President Trump signed into law on December 20, 2019 the Setting Every Community Up for Retirement Enhancement Act (the Secure Act). Not only does the new law influence retirement planning but will affect estate plans too.

The Secure Act changes the age an individual must take a required minimum distribution (RMD) from 70 ½ to 72 years. By pushing back the RMD start date, the Secure Act gives more time for IRAs and 401(k)s to grow without being depleted by distributions and taxes. The RMD age change only applies if an individual has not hit the age of 70 ½ by the end of 2019.

The most significant change, however, is the decrease in the number of years an inherited IRA can be distributed to a beneficiary when the account holder dies. The Secure Act requires most non-spouse IRA and retirement plan beneficiaries to deplete these accounts within 10 years from the account holder’s death rather than over the beneficiary’s estimated life expectancy.

Before the Secure Act, if an IRA was left to a beneficiary, the beneficiary could stretch out the RMDs over his or her own life expectancy as an inherited IRA. Effective January 1, 2020, only surviving spouses, minor children and those not more than 10 years younger than the deceased (and others specifically described in the Act) are generally exempt from this new Secure Act 10-year distribution rule. Any person who falls out of the exemption will likely have tax ramifications whether those are on current or future income tax-planning. As an example, the former Stretch IRA strategy was particularly advantageous for inherited Roth IRAs, because the income those accounts produce can grow and be withdrawn federal income tax-free. The Secure Act now limits such growth on federal tax-free income.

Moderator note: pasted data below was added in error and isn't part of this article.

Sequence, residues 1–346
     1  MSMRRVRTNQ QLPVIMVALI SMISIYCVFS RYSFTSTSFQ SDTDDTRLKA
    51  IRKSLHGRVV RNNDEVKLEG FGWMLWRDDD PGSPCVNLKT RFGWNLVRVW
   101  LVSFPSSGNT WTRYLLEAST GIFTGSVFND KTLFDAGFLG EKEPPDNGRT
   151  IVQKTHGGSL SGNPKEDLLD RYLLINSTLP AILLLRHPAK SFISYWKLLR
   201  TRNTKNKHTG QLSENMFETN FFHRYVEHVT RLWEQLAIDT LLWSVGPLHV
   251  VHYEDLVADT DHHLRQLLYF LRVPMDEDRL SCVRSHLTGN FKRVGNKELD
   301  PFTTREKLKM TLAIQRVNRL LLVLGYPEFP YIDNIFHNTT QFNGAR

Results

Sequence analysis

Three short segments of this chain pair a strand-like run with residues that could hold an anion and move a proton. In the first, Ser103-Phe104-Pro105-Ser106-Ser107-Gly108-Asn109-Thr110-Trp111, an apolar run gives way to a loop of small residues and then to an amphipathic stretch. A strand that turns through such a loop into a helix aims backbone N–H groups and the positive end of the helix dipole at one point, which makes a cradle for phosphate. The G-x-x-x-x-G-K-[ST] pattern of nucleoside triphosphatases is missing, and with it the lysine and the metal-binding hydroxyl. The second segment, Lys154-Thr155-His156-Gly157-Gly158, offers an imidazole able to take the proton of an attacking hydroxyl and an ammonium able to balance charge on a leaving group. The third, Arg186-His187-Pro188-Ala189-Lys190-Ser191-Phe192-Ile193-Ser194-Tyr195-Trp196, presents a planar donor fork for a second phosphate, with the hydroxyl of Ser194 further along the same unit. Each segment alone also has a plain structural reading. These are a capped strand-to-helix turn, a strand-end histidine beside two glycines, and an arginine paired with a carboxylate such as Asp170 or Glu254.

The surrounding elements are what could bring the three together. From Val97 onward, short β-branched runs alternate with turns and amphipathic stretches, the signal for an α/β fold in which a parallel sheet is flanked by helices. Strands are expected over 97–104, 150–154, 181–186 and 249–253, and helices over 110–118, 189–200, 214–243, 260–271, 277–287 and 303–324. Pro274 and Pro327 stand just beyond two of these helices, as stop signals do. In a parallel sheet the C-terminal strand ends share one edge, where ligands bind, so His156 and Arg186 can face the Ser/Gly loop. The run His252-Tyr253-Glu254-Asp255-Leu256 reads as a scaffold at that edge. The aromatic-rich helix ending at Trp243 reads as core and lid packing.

Those individuals who have set up a conduit trust or an accumulation trust as the beneficiary of what was intended to be a Stretch IRA will likely no longer gain the benefit sought after and should immediately review their estate plan. Regardless, all individuals having IRAs or 401ks should review their general estate plan, including current wills, trusts, and retirement account beneficiary designations. The Secure Act’s implications are particular to each family’s situation and may be worth a look to gain an understanding of them.

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